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New option could increase minority kidney transplants

Feb. 7, 2019—People with blood type B who received a kidney transplant of blood type A2 kidneys had similar outcomes to those with blood type B who received blood type B kidneys.

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Team’s findings could spur new treatments for type 2 diabetes

Sep. 6, 2018—An international research team including scientists from Vanderbilt University has discovered how the diabetes drug metformin blocks glucose production by the liver. The discovery, reported Aug. 27 in the journal Nature Medicine, could lead to development of new ways to treat type 2 diabetes.

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Parkinson’s study to track impact of DBS on earliest patients

Aug. 30, 2018—A decade after taking part in the first clinical trial of deep brain stimulation (DBS) administered during very early-stage Parkinson’s disease, participants will return to Vanderbilt University Medical Center this year to be re-evaluated.

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Discovery by Vanderbilt-led group could lead to improved diabetes treatment

Mar. 6, 2018—Vanderbilt investigators and colleagues around the country have made a major discovery that could lead to better ways to treat type 1 diabetes (T1D).

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‘Boot camp’ draws critical care nurses from across nation

Sep. 21, 2017—Vanderbilt’s already significant population of nurse practitioners and physician assistants swelled by more than 350 people recently, as attendees from 39 states came for the sixth annual ACNP/PA Critical Care Boot Camp.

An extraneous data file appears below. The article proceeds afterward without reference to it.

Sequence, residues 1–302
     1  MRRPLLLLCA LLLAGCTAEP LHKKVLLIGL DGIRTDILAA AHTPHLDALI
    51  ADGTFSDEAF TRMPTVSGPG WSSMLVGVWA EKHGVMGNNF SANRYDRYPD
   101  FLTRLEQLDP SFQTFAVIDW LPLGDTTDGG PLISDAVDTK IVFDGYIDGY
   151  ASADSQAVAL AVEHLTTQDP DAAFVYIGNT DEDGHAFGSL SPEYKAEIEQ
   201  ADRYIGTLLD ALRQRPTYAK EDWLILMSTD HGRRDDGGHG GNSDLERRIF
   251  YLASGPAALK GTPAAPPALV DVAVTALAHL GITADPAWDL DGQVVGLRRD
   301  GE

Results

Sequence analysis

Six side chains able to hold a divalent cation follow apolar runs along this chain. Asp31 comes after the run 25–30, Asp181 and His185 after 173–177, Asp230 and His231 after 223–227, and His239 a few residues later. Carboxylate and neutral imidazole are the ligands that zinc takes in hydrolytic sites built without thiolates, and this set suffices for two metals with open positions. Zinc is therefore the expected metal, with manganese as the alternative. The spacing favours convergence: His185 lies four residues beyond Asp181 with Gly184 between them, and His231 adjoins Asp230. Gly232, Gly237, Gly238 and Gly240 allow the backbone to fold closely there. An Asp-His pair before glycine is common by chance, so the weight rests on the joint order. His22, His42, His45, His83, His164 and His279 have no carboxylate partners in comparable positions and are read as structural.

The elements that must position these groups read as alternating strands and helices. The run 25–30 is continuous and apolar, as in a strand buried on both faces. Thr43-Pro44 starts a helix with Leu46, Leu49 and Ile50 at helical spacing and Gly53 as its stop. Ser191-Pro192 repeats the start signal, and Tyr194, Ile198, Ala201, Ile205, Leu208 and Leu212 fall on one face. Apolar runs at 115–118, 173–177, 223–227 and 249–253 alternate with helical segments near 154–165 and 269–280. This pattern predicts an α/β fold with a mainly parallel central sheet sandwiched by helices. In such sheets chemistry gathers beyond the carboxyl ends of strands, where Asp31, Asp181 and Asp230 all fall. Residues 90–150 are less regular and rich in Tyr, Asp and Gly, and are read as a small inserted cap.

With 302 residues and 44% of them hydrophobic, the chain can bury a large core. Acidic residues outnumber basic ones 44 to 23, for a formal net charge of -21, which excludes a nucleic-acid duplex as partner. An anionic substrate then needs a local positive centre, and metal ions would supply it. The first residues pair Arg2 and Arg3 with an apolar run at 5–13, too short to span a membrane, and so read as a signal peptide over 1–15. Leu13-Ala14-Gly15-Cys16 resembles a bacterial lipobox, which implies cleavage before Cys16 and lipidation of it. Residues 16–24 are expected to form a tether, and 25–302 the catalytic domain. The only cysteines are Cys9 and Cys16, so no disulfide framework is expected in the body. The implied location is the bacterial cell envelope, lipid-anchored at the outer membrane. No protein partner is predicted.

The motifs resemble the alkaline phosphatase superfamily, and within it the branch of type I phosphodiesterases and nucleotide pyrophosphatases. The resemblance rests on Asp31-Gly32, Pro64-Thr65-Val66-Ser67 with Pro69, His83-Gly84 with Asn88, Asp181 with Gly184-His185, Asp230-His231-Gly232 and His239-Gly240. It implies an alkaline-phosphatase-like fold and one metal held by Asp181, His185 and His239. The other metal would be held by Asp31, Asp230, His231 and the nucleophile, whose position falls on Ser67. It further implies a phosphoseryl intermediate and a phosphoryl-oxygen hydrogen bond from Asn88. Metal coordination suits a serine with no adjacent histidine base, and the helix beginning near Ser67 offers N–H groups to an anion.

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Vanderbilt University School of Medicine moves to eighth in NIH research funding

Apr. 13, 2017—Vanderbilt University School of Medicine (VUSM) now ranks No. 8 in the nation among U.S. medical schools in total grant support provided through the National Institutes of Health (NIH). The new ranking raises VUSM’s standing two spots from the No. 10 position it held last year.

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Clinical trial to assess shoulder pain treatments

Mar. 30, 2017—Nitin Jain, M.D., MSPH, associate professor of Physical Medicine and Rehabilitation and Orthopaedics, has been awarded a $7.5 million contract to determine whether surgery or non-operative therapy works better for a common age-related injury that costs the health care systems billions of dollars — rotator cuff tears.

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UDN program dedicated to solving medical mysteries

Mar. 2, 2017—It’s human nature to need answers. Patients with debilitating symptoms need a diagnosis — somewhere to place the blame, a starting point to search for answers.

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First class of PM&R residents sets bar high for new program

Feb. 23, 2017—The inaugural class of the Physical Medicine and Rehabilitation residency program is making a big impact on patient care and research at Vanderbilt University Medical Center (VUMC).